Showdown at Boulder Pass

But all I could see was a cactus tree
And a prairie dog playing there
I watched the prairie dog feed on the tumbleweed
That’s his home, way out there

– Bob Nolan for Sons Of The Pioneers

Naropa, the Buddhist university in Boulder Colorado founded by Chogyam Trungpa has had a problem with prairie dogs on its campus for some years now. They say they’ve counted at least 250 of them. I am not sure exactly what the problem is but I’m guessing the cute little critters dig a lot of holes. Anyway, Naropa officials claim they have spent close to $100,000 trying to relocate them. The city and county of Boulder has set aside 2,000 acres for prairie dog habitat, but evidently its full up and there are no vacancies.

DPD2bThe school has applied for a lethal control permit to kill the prairie dogs. After the inevitable outrage over that proposed action erupted, school officials stated they actually have no intention of bumping off the animals, they only got the permit to raise awareness about the issue. That seems a weird approach to me. Maybe it is an example of that crazy wisdom Trungpa was known for.

WildLands Defense spokeswoman Deanna Meyer is leading the anti-prairie dog massacre protest. She told a online news outlet, the Daily Caller, “It is a Buddhist university and the fact that a Buddhist university would even apply for a lethal application for prairie dogs is totally against any Buddhist concepts,” she told the newspaper. Good point.

There’s an online petition to sign. I’m not too fond of the title, but I’m even less fond of exterminating prairie dogs.

Prairie dogs are considered a “keystone” species. That’s an animal that plays a crucial role in a ecosystem. Prairie dog colonies provide safe space for habitats that benefit nearly 150 other species. They are an essential part of our prairies, one of our most endangered ecosystems. Prairie dogs also help aerate and fertilize the soil, which allows a greater diversity of plants to flourish.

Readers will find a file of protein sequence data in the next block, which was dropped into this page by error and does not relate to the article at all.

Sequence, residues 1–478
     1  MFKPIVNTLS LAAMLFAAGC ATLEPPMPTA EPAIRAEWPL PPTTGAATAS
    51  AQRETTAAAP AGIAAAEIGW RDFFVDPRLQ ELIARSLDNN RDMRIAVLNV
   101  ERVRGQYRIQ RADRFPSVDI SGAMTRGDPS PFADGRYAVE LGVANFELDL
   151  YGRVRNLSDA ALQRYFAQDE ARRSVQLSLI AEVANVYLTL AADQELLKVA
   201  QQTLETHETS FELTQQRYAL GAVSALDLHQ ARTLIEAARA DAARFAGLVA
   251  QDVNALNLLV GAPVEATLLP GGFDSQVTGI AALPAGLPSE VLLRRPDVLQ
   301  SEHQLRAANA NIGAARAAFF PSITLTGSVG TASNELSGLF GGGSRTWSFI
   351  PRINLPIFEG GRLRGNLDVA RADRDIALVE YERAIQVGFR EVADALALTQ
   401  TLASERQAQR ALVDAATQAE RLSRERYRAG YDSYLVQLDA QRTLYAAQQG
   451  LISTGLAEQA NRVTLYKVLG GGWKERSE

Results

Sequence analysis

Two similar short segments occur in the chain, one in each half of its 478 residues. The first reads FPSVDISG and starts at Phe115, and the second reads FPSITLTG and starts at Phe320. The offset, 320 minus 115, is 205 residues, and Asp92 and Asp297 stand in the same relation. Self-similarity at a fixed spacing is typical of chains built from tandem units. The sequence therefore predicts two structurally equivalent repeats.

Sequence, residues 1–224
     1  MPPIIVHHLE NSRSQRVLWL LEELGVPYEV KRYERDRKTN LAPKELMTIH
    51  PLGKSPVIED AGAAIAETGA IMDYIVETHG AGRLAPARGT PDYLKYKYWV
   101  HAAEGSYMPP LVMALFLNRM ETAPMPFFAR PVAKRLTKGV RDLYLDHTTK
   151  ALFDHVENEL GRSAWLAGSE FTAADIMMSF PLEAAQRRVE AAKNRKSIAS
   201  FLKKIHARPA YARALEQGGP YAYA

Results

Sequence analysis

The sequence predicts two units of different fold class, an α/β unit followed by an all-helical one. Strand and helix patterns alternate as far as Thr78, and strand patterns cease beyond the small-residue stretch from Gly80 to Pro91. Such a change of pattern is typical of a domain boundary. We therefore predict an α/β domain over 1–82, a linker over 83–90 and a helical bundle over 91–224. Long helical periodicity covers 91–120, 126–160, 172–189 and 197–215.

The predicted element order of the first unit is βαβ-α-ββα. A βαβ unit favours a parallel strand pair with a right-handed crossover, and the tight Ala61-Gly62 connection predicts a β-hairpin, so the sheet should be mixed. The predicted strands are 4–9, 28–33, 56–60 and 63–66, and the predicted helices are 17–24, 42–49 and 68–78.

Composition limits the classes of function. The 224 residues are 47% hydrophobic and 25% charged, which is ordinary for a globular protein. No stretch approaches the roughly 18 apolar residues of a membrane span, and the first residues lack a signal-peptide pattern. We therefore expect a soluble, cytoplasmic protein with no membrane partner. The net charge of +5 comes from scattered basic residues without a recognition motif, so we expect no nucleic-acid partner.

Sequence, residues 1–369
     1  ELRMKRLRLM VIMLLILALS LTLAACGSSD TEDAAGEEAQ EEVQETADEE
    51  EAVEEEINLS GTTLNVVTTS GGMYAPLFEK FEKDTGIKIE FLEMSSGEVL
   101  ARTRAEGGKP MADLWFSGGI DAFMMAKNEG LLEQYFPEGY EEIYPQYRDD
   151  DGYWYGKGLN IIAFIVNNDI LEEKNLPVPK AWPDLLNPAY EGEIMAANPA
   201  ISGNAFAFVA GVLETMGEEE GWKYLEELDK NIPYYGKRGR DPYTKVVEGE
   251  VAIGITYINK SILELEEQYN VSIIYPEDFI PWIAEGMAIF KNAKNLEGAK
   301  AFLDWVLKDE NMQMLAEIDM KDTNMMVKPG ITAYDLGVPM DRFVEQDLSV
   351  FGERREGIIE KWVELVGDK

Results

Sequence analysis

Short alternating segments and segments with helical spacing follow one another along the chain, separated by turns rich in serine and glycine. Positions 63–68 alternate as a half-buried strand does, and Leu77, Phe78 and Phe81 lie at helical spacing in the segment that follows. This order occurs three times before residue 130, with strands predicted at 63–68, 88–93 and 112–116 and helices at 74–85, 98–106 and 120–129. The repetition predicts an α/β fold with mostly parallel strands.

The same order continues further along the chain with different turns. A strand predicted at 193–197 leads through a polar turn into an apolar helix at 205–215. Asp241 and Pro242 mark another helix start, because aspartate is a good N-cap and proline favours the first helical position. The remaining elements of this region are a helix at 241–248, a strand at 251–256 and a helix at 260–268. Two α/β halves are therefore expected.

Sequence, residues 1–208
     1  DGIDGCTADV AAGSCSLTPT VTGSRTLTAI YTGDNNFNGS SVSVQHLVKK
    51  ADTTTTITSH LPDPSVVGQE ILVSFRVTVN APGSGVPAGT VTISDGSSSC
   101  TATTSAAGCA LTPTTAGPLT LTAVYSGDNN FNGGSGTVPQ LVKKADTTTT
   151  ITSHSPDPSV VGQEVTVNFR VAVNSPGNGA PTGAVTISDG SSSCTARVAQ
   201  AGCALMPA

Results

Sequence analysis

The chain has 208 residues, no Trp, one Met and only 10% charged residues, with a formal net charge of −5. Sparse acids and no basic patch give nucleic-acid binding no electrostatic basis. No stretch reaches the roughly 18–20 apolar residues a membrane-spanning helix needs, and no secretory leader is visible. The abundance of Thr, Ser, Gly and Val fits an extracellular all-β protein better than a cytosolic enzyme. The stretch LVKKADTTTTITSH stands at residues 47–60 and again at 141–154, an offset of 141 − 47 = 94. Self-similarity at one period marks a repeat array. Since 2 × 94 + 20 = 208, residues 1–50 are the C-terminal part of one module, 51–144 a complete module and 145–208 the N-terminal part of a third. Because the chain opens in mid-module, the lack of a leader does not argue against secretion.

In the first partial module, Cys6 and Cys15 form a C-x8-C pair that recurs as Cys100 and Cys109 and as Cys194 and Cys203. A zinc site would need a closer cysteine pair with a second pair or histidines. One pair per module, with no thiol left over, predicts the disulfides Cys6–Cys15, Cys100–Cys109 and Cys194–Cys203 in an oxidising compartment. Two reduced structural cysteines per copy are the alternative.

What’s more, prairie dogs are part of our heritage, part of the lore of the Old West. Take, for example, this song sung around a campfire by the Sons of the Pioneers. Note that one of those guitar pickers and singers is Roy Rogers, future King of the Cowboys. Lyrics after the video.

A lonely spot, I know where no man will go
Where the shadows have all the room
I was ridin’ free on the old SP
Humming a southern tune

When a man came along made me hush my song
Kicked me off, way out there
As she pulled out of sight I turned to the right
A left and everywhere

But all I could see was a cactus tree
And a prairie dog playing there
I watched the prairie dog feed on the tumbleweed
That’s his home, way out there

So I threw down my load in the desert road
Rested my weary legs too
I watched the sinking sun, make the tall shadows run
Out across that barren plain

Then I hummed a tune to the risin’ moon
He gets lonesome way out there
So I closed my eyes to the starlit skies
And lost myself in dreams

I dreamed the desert sand was a milk and honey land
Then I awoke with a start
There the train comin’ back on that one way track
Gonna take me away from here

As she was passin’ by, I caught her on the fly
I climbed in an open door
Then I turned around to that desert ground
Saw the spot I would see no more

As I was ridin’ away
I heard the pale moon say
Farewell pal
It sure gets lonesome here